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Motor Requirements Corp. v. Keystone Watch Case Corp.

March 9, 1933

MOTOR REQUIREMENTS CORPORATION ET AL.
v.
KEYSTONE WATCH CASE CORPORATION



Appeal from the District Court of the United States for the District of New Jersey; William N. Runyon, Judge.

Author: Buffington

Before BUFFINGTON, WOOLLEY, and THOMPSON, Circuit Judges.

BUFFINGTON, Circuit Judge.

In this case it appears from the written contract of the parties that motor company furnished to Keystone a model of a gasoline filter, and Keystone agreed to construct for motor company a large number of filers similar to the sample. The contract also provided: "Motor Corporation agrees to furnish to Keystone from time to time, when and as requested by Keystone, at the cost and expense of Motor Corporation, such quantity of suitable and proper dies as may be necessary for the manufacture of the aforesaid filters and the clamps hereinafter mentioned."

To insure payment therefor by motor company to Keystone, eight shareholders of the former gave an indemnity bond to Keystone, which provided "that the liability of each of the undersigned shall never under any circumstances or condition exceed the sum of $15,000.00."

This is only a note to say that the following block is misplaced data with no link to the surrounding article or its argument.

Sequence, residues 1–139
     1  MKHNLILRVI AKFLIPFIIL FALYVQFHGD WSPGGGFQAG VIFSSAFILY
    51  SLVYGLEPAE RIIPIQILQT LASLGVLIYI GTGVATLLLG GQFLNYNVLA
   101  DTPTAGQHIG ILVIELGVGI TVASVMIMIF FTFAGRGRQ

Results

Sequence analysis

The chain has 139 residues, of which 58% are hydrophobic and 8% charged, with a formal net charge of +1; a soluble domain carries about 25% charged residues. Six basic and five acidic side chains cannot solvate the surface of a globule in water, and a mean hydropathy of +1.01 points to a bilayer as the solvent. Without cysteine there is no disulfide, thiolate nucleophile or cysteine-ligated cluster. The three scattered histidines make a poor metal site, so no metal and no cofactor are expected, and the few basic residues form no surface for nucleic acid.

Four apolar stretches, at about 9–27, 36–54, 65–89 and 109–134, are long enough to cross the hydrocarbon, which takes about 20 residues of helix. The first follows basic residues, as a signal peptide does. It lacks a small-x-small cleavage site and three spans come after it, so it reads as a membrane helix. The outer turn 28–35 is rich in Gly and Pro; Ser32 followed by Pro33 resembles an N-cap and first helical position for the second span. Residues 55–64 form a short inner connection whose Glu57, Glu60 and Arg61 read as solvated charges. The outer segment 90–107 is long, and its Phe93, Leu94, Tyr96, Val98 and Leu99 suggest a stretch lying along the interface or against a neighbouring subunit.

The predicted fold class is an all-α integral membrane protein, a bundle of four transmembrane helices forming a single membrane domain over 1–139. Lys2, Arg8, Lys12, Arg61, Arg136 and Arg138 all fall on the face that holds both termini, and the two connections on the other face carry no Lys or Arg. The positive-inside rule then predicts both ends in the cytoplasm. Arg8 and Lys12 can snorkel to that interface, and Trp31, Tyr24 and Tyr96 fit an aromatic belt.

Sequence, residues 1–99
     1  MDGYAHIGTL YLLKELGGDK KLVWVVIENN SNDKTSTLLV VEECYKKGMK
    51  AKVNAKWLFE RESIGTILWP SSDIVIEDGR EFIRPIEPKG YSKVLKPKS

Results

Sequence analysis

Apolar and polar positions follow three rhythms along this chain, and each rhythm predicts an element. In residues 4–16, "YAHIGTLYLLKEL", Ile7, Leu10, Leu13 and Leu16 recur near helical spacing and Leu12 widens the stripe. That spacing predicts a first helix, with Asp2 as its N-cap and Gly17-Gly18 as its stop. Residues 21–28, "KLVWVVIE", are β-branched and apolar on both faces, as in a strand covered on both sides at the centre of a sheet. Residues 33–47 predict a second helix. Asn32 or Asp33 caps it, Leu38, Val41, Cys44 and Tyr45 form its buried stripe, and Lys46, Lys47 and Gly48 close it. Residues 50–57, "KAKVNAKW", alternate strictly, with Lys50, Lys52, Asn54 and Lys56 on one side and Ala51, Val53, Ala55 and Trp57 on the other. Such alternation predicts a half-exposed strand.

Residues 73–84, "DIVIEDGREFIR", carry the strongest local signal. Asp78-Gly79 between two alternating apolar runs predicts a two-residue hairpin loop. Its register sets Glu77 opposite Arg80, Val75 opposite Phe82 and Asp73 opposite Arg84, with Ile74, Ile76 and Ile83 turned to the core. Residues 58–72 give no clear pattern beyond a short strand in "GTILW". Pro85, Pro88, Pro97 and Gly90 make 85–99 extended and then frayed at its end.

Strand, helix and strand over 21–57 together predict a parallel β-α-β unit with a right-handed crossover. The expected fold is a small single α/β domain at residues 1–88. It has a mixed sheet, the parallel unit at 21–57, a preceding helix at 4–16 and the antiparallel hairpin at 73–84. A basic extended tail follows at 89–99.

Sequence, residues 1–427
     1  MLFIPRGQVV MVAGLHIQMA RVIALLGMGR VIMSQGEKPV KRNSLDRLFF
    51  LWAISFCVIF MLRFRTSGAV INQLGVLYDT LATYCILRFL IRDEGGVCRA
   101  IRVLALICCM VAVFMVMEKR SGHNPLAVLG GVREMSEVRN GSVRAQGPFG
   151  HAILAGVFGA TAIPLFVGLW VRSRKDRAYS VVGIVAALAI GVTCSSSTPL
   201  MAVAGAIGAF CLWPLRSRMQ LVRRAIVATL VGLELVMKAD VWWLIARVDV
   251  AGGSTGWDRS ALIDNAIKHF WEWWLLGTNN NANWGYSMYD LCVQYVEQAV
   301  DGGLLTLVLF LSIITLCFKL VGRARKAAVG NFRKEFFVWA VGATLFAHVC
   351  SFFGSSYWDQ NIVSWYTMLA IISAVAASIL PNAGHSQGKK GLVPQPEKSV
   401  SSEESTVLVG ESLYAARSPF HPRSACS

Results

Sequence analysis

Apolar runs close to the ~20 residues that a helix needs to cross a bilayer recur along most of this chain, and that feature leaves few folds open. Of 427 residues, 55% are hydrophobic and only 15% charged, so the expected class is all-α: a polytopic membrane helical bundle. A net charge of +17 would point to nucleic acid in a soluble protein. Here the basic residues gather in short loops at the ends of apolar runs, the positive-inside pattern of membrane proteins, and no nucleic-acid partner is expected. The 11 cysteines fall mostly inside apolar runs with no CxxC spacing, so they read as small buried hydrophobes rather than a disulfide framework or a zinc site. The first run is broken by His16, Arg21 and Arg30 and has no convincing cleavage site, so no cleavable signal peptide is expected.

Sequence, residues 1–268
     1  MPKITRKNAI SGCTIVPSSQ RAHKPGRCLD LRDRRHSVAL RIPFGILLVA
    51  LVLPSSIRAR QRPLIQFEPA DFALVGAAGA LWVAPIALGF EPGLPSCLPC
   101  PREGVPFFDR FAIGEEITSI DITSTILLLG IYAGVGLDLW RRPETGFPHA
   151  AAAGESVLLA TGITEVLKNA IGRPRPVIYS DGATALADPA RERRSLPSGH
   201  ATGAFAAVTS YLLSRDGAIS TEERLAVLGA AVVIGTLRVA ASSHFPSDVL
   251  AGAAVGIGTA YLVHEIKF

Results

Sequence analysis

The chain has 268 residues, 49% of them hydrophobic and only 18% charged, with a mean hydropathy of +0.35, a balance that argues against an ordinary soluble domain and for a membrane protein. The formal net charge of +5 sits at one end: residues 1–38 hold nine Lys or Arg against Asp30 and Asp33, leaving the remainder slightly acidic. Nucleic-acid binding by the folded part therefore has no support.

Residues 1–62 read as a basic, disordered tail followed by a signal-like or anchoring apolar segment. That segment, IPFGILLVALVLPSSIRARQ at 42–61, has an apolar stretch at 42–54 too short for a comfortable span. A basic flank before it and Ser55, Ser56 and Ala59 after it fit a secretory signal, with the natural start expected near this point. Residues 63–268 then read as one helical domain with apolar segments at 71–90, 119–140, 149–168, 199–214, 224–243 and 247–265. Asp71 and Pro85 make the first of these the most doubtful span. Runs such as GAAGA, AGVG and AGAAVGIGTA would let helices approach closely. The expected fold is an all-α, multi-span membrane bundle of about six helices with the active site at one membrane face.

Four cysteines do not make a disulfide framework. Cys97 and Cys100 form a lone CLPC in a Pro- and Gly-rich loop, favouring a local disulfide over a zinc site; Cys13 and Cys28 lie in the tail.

Averring that it had performed its contract and that motor company had not paid it, Keystone brought suit on its contract and against the eight shareholders on their surety bond. The motor company filed a counterclaim alleging it had suffered damage in a large amount by the alleged failure of Keystone to fulfill the contract. The sureties defended on the ground that Keystone had not so fulfilled its contract, and that the changes from the model which Keystone made in the filter had not been authorized by motor company in the way the contract provided for variations therefrom.

The trial occupied some ten or eleven days, and the voluminous testimony taken is not set forth in the record before us. The court, in its charge, submitted to the jury the question of whether the changes made from the model were, under the proofs, made by those authorized to make them, and whether, if so authorized, Keystone had duly performed. These underlying questions the charge submitted as follows:

"Now, I want to say this: While the testimony has apparently covered a very wide lot of ground and the problem has been approached from a great many different angles, there is after all a simple proposition: Did or did not Keystone manufacture these gas filters in accordance with the original sample, or in accordance with any modifications and alterations thereto, which bore the stamp of authority on the part of those who agreed to them, if they did agree to them? That is the whole question that is involved here and the one which you must determine."

In the absence of the testimony, we cannot say the proofs as to the changes were not sufficient to warrant submission to the jury, so we find no error in that regard. And the verdict, which was

For plaintiff against defendants

Damages

50,000 filters at $1.05 $52,500.00

Less amount paid ...


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